A potentially deadly bacteria has been found in U.S. soil and water samples for the first time, according to an alert from the CDC.
The bacteria, Burkholderia pseudomallei, was found along the Gulf Coast region in southern Mississippi. Typically, the bacteria are in tropical and subtropical climates, especially in parts of Southeast Asia, northern Australia, Central America, South America, Puerto Rico, and the U.S. Virgin Islands.
The bacteria can cause melioidosis, a rare and serious infectious disease that spreads to animals and humans through contact with contaminated soil and water via cuts, wounds, mucous membranes, breathing the bacteria in, or eating or drinking it. Worldwide, the disease is fatal in 10% to 50% of those who become infected.
CDC and state officials are investigating the samples to find out how widespread the bacteria are within the U.S. So far, modeling suggests that the environmental conditions on the Gulf Coast support the growth of B. pseudomallei.
“It is unclear how long the bacteria has been in the environment and where else it might be found in the U.S.,” according to the CDC statement. “CDC is alerting clinicians throughout the country of this discovery through a national health advisory, reminding them to be aware of the signs and symptoms of melioidosis and to consider melioidosis in patients that present with symptoms of the disease.”
Two unrelated people who live near the Gulf Coast region of Mississippi became sick with melioidosis recently – one in July 2020 and one in May 2022. Neither had traveled outside of the U.S. The cases led the CDC and the Mississippi State Department of Health to collect environmental samples and test household products at the patients’ homes in June 2022. Three of the samples taken from soil and puddle water in the 2020 case tested positive for the bacteria.
Genomic sequencing revealed that both patients were infected with the same strain of the bacteria from the Western Hemisphere. They were hospitalized with sepsis due to pneumonia and had known risk factors for melioidosis. Both patients recovered after they were treated with antibiotics.
An average of 12 melioidosis cases are diagnosed in the U.S. each year, with most in people with recent travel to a country where the bacteria is endemic, or regularly found. Cases have also been linked to contaminated products imported from endemic countries. In late 2021, four cases in four states – Georgia, Kansas, Minnesota, and Texas – were linked to a contaminated aromatherapy spray that was imported, and Walmart issued a recall in November of that year, according to a CDC announcement. Two of the four people died.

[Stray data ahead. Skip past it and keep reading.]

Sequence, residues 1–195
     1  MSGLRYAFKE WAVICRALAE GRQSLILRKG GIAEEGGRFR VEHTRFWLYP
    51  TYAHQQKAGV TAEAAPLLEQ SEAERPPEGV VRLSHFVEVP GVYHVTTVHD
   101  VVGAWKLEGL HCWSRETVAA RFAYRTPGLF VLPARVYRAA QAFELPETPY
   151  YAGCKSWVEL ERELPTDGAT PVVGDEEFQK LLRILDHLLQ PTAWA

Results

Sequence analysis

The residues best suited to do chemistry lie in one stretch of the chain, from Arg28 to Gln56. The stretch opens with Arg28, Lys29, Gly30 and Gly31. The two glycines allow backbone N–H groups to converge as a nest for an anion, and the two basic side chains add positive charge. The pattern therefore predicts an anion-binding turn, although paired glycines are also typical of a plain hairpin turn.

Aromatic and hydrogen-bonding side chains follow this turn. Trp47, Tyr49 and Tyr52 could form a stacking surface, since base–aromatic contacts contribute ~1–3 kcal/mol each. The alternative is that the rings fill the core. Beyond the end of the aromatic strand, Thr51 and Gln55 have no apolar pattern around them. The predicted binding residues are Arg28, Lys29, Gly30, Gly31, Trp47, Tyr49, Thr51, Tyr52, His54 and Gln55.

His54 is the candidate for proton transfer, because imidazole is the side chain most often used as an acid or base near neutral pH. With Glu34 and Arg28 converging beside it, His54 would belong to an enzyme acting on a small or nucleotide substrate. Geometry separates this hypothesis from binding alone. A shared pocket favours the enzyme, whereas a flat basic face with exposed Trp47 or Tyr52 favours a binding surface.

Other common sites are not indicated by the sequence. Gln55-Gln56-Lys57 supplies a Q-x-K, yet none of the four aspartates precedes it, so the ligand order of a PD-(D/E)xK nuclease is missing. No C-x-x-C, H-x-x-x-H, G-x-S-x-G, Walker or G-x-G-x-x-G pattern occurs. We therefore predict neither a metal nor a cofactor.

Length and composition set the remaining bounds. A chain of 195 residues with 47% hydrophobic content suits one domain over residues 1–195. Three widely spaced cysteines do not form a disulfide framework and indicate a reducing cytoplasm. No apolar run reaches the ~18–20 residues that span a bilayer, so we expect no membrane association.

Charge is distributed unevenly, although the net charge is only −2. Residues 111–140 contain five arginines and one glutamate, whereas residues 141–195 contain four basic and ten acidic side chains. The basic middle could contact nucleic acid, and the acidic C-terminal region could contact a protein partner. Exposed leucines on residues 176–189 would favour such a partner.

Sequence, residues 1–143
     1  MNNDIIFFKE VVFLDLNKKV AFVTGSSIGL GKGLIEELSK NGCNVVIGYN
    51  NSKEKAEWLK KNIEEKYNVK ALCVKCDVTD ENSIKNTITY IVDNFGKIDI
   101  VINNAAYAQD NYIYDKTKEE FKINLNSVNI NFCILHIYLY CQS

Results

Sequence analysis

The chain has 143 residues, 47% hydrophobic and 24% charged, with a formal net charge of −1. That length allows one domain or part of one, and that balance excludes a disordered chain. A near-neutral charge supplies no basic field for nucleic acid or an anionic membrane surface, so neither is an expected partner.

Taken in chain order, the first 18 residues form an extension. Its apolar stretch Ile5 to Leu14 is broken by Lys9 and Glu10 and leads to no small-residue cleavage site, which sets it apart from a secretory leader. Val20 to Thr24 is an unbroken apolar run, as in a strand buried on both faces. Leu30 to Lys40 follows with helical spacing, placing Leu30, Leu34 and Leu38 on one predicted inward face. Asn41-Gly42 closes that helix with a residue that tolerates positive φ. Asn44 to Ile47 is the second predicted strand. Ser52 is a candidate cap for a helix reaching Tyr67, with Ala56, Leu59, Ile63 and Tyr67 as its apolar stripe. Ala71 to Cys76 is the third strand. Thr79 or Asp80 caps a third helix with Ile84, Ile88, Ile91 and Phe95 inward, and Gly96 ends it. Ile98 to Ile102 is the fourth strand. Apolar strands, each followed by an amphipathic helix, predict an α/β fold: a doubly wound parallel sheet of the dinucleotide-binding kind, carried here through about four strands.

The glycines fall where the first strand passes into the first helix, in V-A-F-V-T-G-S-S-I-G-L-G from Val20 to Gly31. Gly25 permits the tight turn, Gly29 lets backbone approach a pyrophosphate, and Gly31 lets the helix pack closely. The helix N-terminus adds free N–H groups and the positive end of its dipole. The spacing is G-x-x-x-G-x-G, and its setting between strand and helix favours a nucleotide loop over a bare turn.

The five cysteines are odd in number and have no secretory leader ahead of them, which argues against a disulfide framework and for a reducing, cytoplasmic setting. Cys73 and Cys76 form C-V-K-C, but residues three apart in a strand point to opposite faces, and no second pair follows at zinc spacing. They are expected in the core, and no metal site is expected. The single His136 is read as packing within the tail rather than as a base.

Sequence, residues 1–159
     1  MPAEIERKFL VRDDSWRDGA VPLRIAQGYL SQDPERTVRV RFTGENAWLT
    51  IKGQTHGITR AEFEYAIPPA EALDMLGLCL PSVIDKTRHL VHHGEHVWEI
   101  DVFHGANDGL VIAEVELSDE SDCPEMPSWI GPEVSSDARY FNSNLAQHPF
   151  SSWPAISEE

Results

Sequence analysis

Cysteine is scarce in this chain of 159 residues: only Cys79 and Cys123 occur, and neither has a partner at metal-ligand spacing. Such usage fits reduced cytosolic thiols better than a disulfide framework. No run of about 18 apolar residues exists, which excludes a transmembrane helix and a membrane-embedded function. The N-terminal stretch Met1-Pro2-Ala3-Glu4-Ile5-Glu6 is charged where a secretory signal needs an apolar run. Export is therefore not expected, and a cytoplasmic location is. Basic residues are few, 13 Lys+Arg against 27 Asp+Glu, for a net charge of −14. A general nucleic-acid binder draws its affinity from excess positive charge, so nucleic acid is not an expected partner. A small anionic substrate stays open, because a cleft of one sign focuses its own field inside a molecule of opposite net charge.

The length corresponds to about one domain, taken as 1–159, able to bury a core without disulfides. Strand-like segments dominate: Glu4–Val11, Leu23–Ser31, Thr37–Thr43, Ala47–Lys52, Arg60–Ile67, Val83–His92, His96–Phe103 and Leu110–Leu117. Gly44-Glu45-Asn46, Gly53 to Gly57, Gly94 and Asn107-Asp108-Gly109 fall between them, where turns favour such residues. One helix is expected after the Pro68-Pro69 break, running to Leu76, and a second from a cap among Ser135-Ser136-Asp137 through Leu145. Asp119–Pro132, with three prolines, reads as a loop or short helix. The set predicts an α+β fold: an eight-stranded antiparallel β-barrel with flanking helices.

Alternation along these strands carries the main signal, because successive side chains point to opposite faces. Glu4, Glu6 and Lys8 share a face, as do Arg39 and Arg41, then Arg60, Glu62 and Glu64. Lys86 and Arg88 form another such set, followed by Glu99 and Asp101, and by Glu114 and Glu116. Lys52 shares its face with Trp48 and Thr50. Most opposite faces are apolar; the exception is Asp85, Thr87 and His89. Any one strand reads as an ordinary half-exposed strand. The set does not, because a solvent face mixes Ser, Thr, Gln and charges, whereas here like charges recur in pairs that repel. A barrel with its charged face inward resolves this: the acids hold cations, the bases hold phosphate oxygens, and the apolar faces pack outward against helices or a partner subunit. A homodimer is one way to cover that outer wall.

Given the small number of cases found in the U.S., the CDC believes the risk of melioidosis for the general population continues to be “very low,” and the risk of person-to-person spread is considered “extremely low.” But people who live on the Gulf Coast of Mississippi and who have health conditions that may put them at a higher risk, such as diabetes, chronic kidney disease, chronic lung disease, excessive alcohol use, and immunosuppressive conditions, should protect themselves.
The CDC recommends avoiding contact with soil or muddy water, particularly after heavy rains, and protecting open wounds with waterproof bandages. People should also wear waterproof boots when gardening, working in the yard, or doing agricultural work, which can prevent infection through the feet and lower legs, especially after flooding or storms. People should also wear gloves to protect their hands when working directly with soil.
Melioidosis has a wide range of symptoms, including fever, joint pain, headaches, coughing, chest pain, and belly pain. It can also cause conditions such as pneumonia, abscesses, and blood infections. The disease can infect any organ, including the brain. In most cases, symptoms appear within 1 to 21 days after exposure, with an average of 7 days after exposure.
The CDC’s health advisory for health professionals and public health officials shows melioidosis is now considered to be locally endemic in areas of the Gulf Coast region in Mississippi.
“Once well-established in the soil, B. pseudomallei cannot feasibly be removed from the soil,” according to the advisory. “Public health efforts should focus primarily on improving identification of cases so that appropriate treatment can be administered.”
CDC: “Bacteria that Causes Rare Disease Melioidosis Discovered in U.S. Environmental Samples,” “CDC Identifies Rare Bacteria in Aromatherapy Product,” “Melioidosis Locally Endemic in Areas of the Mississippi Gulf Coast after Burkholderia pseudomallei Isolated in Soil and Water and Linked to Two Cases – Mississippi, 2022 and 2022.”